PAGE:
(3) If the person is a child or an incapable person, the Attorney General must:
(a) be satisfied that either of the following applies:
(i) the consent of the parent or guardian cannot reasonably be obtained or has been withdrawn;
(ii) the parent or guardian is a suspect in relation to the foreign serious offence; and
(b) believe that, having regard to the best interests of the child or incapable person, it is appropriate to make the authorisation.

Part VI—Proceeds of crime
Division 2—Requests by foreign countries
Subdivision A—Enforcement of foreign orders
34A Registration of foreign orders
(1A) An application to a court for registration of a foreign order in accordance with an authorisation under this Subdivision must be to a court with proceeds jurisdiction.
(1) If a proceeds of crime authority applies to a court with proceeds jurisdiction for registration of a foreign order in accordance with an authorisation under this Subdivision, the court must register the order accordingly, unless the court is satisfied that it would be contrary to the interests of justice to do so.
(2) The proceeds of crime authority must give notice of the application:
(a) to specified persons the authority has reason to suspect may have an interest in the property; and
(b) to such other persons as the court directs.
(3) However, the court may consider the application without notice having been given if the proceeds of crime authority requests the court to do so.
(4) If a foreign pecuniary penalty order or a foreign restraining order is registered in a court under this Subdivision:
(a) a copy of any amendments made to the order (whether before or after registration) may be registered in the same way as the order; and
(b) the amendments do not, for the purposes of this Act and the Proceeds of Crime Act, have effect until they are registered.
(5) An order or an amendment of an order is to be registered in a court by the registration, in accordance with the rules of the court, of:
(a) a copy of the appropriate order or amendment sealed by the court or other authority making that order or amendment; or
(b) a copy of that order or amendment duly authenticated in accordance with subsection 43(2).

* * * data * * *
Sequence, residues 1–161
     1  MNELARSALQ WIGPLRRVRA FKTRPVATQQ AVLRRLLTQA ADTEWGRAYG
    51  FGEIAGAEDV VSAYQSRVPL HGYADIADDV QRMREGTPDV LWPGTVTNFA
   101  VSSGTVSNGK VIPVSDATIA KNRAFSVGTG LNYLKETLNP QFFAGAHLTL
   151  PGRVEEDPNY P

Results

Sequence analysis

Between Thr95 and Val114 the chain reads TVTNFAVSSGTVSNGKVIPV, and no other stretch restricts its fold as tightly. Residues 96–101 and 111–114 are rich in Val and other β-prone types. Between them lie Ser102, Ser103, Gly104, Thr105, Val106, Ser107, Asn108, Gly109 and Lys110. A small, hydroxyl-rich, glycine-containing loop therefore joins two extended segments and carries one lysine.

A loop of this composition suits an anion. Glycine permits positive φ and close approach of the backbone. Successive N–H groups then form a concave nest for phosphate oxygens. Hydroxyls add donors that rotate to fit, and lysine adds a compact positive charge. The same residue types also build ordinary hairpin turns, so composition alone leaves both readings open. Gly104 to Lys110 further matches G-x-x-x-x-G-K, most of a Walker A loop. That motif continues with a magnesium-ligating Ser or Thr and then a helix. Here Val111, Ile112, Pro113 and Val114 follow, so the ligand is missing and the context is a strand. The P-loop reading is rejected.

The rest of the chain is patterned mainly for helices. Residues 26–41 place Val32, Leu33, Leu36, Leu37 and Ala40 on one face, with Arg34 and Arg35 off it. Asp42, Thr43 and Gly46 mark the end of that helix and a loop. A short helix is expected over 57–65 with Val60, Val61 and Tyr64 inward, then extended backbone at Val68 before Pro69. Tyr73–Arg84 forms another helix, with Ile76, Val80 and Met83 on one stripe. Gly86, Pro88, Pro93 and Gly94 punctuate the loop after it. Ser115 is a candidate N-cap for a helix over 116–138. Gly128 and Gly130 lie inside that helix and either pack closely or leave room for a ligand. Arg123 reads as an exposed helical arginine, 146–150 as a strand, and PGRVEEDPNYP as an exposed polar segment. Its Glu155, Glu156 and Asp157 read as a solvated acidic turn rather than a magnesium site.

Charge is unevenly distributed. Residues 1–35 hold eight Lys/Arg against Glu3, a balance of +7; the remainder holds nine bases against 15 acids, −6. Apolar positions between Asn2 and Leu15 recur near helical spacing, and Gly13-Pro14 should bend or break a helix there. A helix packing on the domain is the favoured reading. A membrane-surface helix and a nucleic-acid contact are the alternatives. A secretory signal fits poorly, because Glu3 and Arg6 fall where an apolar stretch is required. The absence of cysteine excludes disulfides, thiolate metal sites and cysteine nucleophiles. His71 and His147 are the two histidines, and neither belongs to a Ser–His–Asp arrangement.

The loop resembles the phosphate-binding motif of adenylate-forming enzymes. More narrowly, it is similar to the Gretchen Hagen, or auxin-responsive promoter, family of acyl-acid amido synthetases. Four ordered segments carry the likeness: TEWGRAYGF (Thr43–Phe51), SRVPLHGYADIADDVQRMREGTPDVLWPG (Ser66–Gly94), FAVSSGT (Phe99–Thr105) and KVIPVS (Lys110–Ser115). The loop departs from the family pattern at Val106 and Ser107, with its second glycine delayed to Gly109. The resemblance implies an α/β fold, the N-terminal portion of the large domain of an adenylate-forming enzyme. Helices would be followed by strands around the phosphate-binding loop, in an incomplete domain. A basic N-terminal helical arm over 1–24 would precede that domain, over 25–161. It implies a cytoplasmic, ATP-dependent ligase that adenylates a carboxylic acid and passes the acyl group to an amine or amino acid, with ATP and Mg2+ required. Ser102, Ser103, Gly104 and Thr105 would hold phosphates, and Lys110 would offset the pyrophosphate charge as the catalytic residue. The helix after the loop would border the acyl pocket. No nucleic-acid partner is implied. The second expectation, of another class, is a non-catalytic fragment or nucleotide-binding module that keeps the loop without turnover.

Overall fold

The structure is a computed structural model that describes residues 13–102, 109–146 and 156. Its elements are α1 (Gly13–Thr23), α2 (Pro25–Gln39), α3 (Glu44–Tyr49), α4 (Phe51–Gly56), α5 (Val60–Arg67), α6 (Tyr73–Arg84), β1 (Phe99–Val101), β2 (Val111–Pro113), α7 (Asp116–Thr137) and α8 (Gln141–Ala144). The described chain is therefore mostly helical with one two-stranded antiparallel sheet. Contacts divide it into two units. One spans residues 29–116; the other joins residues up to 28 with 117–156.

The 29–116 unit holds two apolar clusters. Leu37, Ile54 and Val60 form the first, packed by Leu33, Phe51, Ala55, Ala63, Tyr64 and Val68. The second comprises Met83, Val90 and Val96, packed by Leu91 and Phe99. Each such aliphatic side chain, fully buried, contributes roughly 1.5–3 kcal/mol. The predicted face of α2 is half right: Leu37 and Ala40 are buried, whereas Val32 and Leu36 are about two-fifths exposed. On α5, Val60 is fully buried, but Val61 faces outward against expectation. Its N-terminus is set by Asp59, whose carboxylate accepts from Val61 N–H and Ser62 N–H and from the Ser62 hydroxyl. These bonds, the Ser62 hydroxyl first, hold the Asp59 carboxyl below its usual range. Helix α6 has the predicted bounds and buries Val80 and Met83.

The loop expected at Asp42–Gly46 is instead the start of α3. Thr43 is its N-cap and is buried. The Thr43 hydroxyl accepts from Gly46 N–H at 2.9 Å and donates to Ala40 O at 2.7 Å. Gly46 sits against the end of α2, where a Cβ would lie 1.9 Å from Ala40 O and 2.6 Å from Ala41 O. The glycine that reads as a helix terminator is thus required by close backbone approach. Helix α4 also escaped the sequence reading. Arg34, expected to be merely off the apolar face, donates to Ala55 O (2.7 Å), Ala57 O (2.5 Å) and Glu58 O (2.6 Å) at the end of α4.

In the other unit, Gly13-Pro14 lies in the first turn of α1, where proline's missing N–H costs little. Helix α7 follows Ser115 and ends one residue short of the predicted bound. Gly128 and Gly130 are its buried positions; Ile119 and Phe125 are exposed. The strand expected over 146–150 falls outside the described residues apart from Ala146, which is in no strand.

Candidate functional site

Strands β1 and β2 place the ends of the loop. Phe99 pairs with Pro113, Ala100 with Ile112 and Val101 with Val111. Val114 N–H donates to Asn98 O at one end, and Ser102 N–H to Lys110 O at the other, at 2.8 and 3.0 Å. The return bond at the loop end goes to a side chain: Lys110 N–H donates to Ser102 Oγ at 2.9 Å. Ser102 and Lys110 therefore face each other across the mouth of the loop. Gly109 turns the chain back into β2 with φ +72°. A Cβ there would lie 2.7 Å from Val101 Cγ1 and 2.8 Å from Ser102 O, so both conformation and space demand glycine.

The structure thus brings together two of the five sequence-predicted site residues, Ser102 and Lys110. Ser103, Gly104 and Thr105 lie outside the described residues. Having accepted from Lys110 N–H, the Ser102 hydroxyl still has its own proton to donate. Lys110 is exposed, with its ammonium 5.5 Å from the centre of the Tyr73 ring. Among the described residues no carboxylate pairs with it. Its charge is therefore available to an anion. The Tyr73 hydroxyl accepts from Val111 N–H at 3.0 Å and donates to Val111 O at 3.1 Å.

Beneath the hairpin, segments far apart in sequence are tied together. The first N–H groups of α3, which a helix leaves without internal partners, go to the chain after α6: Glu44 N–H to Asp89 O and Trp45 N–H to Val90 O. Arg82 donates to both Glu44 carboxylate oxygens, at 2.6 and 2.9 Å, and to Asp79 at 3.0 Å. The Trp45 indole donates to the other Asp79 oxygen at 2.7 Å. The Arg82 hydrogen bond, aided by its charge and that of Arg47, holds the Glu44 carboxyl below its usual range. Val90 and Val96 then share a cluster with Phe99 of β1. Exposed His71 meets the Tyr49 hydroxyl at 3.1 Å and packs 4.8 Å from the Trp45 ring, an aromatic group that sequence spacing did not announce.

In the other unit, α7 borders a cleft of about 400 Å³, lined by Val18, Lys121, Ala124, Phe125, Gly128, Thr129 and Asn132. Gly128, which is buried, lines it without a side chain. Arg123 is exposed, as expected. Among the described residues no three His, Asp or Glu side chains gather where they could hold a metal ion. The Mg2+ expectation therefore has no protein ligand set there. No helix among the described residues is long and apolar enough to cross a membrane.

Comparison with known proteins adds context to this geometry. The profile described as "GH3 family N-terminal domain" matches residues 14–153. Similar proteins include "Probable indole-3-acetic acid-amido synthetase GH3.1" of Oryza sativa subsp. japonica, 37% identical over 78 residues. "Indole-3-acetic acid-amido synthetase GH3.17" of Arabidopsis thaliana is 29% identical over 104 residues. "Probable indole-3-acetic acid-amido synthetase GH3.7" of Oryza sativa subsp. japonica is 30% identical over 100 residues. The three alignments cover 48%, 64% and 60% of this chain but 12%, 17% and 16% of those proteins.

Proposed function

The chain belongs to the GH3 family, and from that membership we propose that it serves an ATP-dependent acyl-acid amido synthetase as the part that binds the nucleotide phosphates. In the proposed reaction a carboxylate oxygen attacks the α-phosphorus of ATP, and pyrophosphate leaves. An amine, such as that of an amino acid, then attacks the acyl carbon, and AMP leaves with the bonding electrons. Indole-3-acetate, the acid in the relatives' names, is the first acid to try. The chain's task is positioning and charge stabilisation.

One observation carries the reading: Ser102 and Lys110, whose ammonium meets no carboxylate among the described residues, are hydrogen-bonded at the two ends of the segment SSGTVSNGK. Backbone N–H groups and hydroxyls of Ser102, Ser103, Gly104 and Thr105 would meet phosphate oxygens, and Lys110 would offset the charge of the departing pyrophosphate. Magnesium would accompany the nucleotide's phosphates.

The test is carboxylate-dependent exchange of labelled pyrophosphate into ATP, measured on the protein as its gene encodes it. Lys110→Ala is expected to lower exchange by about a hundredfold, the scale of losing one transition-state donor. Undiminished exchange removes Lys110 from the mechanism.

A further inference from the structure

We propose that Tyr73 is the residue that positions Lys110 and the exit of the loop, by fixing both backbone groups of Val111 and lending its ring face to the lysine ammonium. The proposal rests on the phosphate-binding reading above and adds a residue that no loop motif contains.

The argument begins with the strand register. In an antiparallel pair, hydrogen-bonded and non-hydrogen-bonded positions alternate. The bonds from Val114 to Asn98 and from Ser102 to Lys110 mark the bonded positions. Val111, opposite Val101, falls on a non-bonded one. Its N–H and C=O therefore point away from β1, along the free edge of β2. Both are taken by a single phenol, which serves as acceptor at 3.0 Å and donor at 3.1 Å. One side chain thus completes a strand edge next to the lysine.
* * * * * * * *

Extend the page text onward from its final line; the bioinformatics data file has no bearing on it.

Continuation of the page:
34B Enforcement of foreign forfeiture orders
(1) A foreign forfeiture order registered in a court under this Subdivision has effect, and may be enforced, as if it were a forfeiture order made by the court under the Proceeds of Crime Act at the time of registration.
(2) In particular, section 68 of the Proceeds of Crime Act applies in relation to the forfeiture order as if:
(a) the reference in subparagraph 68(1)(b)(i) of that Act to a proceeds of crime authority having applied for the order were a reference to the foreign forfeiture order having been made; and
(b) subparagraph 68(1)(b)(ii) of that Act did not apply if the person in question died after the authority applied for registration of the order under section 34A of this Act.
(3) Subject to section 34C, property that is subject to a foreign forfeiture order registered under this Subdivision may be disposed of, or otherwise dealt with, in accordance with any direction of the Attorney General or of a person authorised by the Attorney General in writing for the purposes of this subsection.
(4) Sections 69 and 70 and Divisions 5 to 7 of Part 2 2 of the Proceeds of Crime Act do not apply in relation to a foreign forfeiture order registered under this Subdivision.

34D Enforcement of foreign pecuniary penalty orders
(1) A foreign pecuniary penalty order registered in a court under this Subdivision has effect, and may be enforced, as if it were a pecuniary penalty order that:
(a) was made by the court under the Proceeds of Crime Act at the time of registration; and
(b) requires the payment to the Commonwealth of the amount payable under the order.
(2) Any amount paid (whether in Australia, in the foreign country in which the order was made or elsewhere) in satisfaction of the foreign pecuniary penalty order is taken to have been paid in satisfaction of the debt that arises because of the registration of the foreign pecuniary penalty order in that court.
(3) Division 5 of Part 2 4 of the Proceeds of Crime Act does not apply in relation to a foreign pecuniary penalty order registered under this Subdivision.

Part VI—Proceeds of crime